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LIFE CYCLE ASSESSMENT OF EXISTING AND EMERGING DISTRIBUTED GENERATION TECHNOLOGIES IN CALIFORNIA
The National Renewable Energy Laboratory was funded by the California Energy Commission’s Public Interest Energy Research Program and managed by the Institute of Energy and the Environment at the University of California Office of the President to conduct a life cycle assessment study on distributed generation. Life cycle assessment is an analytic method for identifying and evaluating the environmental impacts of emissions, resource consumption, and energy use associated with a specific process. In this study, the National Renewable Energy Laboratory examined the production of electricity by existing and emerging distributed generation technologies compared to a typical peaking power plant being built in California, a typical natural gas combined cycle power plant, and an integrated coal gasification combined cycle power plant.
The National Renewable Energy Laboratory conducted a life cycle assessment of the environmental impacts of distributed generation in California. Distributed generation is defined by the California Energy Commission as electricity production that is on‐site or close to the load center and is interconnected to the utility distribution system.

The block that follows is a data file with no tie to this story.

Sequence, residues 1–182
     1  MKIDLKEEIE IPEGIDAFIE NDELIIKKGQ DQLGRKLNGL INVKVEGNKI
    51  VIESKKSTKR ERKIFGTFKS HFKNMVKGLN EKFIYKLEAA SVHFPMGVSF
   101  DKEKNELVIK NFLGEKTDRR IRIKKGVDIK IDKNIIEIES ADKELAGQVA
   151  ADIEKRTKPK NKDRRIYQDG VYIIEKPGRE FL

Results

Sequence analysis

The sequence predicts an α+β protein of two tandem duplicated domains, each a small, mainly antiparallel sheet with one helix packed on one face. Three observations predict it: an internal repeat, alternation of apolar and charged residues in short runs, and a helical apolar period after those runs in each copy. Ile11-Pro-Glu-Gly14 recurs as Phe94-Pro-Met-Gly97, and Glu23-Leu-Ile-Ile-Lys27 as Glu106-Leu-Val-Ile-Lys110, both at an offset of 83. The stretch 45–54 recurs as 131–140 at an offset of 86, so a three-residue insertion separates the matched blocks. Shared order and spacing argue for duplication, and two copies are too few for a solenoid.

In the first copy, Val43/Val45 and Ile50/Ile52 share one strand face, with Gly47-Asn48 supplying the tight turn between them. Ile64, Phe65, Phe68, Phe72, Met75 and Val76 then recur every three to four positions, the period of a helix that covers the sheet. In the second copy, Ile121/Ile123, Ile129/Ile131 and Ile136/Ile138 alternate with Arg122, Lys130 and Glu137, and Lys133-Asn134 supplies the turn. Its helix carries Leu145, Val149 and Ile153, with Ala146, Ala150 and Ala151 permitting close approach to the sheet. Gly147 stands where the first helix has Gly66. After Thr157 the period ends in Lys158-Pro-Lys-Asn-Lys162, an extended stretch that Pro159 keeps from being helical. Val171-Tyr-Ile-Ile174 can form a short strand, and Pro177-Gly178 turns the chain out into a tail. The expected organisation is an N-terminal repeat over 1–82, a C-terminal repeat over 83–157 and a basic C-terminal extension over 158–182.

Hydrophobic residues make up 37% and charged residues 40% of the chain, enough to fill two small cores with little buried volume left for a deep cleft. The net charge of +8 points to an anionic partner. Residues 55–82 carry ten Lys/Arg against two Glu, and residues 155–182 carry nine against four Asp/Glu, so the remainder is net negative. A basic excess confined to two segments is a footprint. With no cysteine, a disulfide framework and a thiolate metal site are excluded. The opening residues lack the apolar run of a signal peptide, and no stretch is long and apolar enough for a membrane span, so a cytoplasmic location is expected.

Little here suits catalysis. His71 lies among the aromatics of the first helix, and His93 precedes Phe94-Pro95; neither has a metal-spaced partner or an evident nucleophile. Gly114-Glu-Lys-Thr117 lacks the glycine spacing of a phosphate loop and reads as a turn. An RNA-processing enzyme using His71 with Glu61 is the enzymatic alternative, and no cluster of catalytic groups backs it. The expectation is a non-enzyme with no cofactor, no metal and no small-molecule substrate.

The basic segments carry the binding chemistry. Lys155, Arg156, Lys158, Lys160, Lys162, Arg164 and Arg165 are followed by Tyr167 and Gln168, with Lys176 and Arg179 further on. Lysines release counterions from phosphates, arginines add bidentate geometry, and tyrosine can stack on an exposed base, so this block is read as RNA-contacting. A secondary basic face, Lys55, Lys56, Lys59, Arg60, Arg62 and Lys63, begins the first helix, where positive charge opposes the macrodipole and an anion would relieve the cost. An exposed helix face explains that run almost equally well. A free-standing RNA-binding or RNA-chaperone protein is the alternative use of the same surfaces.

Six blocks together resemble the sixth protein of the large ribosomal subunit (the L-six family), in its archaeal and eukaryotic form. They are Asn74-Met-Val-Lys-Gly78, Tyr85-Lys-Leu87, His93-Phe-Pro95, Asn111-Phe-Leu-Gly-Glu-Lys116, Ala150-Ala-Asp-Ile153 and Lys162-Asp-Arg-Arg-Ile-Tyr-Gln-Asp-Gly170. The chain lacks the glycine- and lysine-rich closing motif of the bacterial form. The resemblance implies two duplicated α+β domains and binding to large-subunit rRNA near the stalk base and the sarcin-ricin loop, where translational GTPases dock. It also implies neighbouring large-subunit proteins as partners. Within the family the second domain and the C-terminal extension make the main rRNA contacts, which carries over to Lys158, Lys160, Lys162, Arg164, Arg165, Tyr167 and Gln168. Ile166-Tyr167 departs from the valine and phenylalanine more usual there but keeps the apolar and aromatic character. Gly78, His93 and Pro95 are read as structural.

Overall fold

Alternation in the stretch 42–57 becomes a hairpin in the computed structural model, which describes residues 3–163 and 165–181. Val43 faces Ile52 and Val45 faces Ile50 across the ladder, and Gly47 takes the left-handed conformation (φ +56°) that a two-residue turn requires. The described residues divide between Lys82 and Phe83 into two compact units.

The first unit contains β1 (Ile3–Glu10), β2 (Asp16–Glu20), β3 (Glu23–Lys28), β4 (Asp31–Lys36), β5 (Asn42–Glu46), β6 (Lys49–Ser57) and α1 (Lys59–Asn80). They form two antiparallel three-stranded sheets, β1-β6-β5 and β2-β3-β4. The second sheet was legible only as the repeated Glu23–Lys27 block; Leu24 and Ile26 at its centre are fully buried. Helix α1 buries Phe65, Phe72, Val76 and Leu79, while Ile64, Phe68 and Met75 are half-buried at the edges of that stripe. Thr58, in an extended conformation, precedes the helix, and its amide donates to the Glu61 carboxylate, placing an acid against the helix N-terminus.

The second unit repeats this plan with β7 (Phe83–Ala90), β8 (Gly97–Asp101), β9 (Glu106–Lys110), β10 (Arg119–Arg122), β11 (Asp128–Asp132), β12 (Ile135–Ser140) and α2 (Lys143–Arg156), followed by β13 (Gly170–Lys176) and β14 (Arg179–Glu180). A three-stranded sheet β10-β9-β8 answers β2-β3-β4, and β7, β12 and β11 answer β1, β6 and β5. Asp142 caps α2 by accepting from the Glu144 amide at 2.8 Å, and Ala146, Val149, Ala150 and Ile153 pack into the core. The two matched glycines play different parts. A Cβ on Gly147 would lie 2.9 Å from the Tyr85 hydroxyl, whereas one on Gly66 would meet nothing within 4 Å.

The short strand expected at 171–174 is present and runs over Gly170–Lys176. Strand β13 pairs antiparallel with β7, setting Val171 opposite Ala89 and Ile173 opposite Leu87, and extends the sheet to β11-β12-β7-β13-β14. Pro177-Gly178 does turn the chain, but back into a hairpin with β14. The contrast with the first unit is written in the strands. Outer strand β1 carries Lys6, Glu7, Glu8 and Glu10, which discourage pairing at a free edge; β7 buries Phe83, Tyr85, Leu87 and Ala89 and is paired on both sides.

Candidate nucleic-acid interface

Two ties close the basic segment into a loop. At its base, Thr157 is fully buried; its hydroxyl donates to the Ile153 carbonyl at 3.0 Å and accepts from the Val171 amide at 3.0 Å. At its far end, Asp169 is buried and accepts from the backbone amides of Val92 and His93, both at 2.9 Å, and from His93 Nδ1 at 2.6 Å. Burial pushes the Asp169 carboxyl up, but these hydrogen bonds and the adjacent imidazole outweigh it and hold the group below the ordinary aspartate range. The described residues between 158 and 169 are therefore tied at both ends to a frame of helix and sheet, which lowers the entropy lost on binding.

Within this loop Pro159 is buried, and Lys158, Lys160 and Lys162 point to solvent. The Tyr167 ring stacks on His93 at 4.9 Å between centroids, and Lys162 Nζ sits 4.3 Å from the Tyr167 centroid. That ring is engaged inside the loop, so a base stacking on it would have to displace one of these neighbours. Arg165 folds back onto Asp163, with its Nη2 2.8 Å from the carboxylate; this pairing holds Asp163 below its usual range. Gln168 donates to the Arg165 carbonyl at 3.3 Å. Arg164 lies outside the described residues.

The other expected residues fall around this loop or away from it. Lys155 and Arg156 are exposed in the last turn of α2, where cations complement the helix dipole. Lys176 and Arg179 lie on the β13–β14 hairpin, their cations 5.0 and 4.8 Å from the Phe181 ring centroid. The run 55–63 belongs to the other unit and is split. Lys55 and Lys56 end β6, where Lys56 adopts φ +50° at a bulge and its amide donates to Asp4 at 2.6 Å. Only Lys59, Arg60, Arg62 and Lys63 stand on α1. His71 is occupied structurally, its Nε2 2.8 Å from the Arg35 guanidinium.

Life cycle assessment is an analytic method for identifying and evaluating the environmental impacts of emissions, resource consumption, and energy use associated with a specific process; in the current analysis, the focus is on the generation of a kilowatt‐hour of electricity. In life cycle assessment , material and energy balances are used to determine the environmental stressors (emissions, resource consumption, and energy use) of all required operations, including raw material extraction, transportation, processing, and final disposal of products and by‐products. The results of this inventory are then used to evaluate the environmental impacts of the technology so that efforts can be focused on reducing negative effects.